First impressions are important to first-time guests at your church, but the half-hour after service can determine whether they'll come back—and stay. Our research reveals three insights:

  1. "Friendliness of the people" is the most important thing newcomers look for.

  2. "Friendliness" is based on how many people talk to them.

  3. The most important time for "friendly talk" is immediately following the service.

My family moved recently, and we have visited a number of churches. I've found some simple, but significant ways to increase repeat visits.

  1. After-service hosts: A greeting time during the service is good if folks resume their conversation with the newcomer following the service. It's bad if they pretend nothing ever happened. If your people are not naturally congenial with newcomers, then appoint "hosts" for after the service. They are to make a beeline to newcomers, escort them to the coffee table, introduce them to others, and invite them back.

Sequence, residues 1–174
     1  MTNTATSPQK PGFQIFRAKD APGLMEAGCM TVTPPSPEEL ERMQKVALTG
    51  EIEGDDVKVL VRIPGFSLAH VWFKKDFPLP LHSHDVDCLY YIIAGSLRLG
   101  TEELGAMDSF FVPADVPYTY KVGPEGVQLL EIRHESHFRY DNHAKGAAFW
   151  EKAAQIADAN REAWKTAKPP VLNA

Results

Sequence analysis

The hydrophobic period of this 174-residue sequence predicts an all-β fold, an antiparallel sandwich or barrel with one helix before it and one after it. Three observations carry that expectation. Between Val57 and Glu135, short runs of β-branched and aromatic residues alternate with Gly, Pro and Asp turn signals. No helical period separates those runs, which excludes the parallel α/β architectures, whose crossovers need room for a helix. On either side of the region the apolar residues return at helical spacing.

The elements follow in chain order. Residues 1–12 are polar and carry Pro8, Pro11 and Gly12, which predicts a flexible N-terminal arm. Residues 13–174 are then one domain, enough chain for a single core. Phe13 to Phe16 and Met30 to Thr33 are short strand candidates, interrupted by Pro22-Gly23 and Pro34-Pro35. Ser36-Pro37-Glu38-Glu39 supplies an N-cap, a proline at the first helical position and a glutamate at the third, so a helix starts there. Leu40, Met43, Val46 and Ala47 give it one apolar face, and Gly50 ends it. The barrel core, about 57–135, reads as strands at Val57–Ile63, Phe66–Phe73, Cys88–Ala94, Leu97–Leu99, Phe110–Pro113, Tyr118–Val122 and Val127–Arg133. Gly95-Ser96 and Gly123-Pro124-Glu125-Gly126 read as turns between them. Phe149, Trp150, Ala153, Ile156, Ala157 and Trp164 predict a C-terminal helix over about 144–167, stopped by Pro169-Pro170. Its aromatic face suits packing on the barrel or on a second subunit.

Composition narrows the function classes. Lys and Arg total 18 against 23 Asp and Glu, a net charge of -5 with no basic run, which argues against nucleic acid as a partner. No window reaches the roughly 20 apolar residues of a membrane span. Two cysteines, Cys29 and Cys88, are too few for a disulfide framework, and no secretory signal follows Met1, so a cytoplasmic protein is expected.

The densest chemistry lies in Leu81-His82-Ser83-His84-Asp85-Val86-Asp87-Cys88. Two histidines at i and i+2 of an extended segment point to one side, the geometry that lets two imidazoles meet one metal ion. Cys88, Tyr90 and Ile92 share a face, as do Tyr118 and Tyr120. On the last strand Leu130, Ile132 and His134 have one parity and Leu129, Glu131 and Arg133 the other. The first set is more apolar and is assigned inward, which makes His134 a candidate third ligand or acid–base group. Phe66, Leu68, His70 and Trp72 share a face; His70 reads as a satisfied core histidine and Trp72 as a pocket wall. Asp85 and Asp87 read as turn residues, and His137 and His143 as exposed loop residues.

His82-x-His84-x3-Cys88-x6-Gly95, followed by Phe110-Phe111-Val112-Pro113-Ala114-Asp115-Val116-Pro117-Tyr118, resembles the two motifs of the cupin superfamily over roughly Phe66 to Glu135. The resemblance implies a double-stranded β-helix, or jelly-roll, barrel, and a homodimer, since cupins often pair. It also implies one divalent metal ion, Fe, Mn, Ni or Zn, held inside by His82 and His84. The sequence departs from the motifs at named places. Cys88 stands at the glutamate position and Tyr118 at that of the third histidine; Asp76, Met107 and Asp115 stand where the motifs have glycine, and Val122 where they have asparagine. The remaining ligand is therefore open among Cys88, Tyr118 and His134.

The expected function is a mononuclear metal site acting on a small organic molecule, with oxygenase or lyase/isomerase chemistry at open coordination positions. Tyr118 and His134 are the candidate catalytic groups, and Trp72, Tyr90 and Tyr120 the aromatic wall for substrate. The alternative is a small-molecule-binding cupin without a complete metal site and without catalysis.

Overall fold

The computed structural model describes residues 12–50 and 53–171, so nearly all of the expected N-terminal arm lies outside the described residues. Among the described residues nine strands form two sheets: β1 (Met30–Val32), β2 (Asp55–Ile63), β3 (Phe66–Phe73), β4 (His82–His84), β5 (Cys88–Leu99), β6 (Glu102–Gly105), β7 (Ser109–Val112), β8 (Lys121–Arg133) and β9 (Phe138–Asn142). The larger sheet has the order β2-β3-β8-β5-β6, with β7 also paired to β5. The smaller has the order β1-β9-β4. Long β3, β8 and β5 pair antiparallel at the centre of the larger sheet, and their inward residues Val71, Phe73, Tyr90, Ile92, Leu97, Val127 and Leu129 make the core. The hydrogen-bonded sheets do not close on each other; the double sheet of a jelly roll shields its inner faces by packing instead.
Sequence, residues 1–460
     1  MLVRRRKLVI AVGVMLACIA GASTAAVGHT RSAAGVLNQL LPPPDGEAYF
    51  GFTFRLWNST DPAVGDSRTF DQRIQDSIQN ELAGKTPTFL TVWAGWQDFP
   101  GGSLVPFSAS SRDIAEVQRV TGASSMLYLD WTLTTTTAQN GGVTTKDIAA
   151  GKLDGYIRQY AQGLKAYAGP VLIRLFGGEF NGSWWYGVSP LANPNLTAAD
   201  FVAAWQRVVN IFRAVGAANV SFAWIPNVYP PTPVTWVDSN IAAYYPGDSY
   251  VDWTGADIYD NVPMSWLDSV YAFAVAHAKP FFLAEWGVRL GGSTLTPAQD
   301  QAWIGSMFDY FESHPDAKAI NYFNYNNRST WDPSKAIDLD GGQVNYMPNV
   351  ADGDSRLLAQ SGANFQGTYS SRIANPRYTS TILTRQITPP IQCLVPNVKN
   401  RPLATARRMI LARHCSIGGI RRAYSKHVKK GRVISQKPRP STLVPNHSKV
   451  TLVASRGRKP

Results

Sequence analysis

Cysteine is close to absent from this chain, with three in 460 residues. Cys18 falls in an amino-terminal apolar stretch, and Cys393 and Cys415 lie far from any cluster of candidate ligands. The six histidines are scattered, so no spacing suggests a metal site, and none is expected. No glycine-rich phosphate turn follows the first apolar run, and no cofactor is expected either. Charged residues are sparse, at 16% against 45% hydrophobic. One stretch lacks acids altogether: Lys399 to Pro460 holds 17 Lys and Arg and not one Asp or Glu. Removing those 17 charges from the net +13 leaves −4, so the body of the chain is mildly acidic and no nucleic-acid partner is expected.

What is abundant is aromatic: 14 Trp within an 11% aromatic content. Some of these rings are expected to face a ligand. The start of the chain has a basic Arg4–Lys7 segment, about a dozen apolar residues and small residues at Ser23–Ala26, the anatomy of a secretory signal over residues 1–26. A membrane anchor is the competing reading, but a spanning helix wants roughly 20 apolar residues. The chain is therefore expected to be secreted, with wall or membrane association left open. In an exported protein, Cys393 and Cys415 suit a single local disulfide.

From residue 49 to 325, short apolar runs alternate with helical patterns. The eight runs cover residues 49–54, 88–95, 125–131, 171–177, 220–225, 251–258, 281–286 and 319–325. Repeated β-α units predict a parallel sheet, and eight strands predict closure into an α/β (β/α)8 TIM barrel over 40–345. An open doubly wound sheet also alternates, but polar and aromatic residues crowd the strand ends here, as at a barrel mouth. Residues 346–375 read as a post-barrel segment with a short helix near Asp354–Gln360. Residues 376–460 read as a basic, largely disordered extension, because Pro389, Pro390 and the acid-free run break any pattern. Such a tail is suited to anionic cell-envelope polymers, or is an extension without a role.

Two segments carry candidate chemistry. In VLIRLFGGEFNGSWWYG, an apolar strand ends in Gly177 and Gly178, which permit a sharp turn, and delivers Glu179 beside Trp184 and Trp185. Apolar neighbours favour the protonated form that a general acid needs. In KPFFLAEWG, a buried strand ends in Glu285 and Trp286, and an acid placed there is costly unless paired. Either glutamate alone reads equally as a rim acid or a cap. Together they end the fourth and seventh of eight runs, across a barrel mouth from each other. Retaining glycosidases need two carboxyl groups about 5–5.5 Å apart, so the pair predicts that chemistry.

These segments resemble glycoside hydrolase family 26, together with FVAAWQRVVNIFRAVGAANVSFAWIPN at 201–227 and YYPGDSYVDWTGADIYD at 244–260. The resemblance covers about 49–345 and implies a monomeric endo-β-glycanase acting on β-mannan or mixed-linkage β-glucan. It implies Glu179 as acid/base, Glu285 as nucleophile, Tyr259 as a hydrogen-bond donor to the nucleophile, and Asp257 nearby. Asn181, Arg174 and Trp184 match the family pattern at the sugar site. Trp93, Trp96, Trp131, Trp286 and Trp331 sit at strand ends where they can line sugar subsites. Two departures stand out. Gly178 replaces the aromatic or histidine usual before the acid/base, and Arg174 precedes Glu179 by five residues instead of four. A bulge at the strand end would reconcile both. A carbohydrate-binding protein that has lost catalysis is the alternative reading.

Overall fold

2. The three-minute rule: In one church we visited, the pastor reminded the congregation that no one could talk to anyone they knew for at least three minutes after the service! It worked for us. We met a wonderful person who had been attending for the past year. Our conversation lasted over 15 minutes! And we'll look for her friendly face when we return.

  3. Church tour: Guests are hesitant to wander around, even though they'd like to. So, offer a short tour after service. It's a low-commitment, limited-time, high-information event. The guide explains activities that take place there throughout the week, and guests naturally ask questions. It's a much easier next step than, say, joining a membership class.

  4. Follow-up contact. It's standard for pastors to send a "thank you for visiting" letter. We got nice ones from every church we attended. But following our second visit to several of those churches—nothing.

In typical, plateaued churches, 9 percent of all first-time visitors join the following year. But among second-time visitors (twice in a six-week period), 17 percent join. And third-time guests unite at a rate of 36 percent in the ensuing year.

The pattern is similar for growing churches: 21 percent of first-timers, 38 percent of second-timers, 57 percent of third-timers return and join.

A unique follow-up contact with second-time guests is like planting seeds in good soil. A follow up strategy for third-timers is like bringing in a ripe harvest.

Charles Arn, Church Growth, Inc. Monrovia, California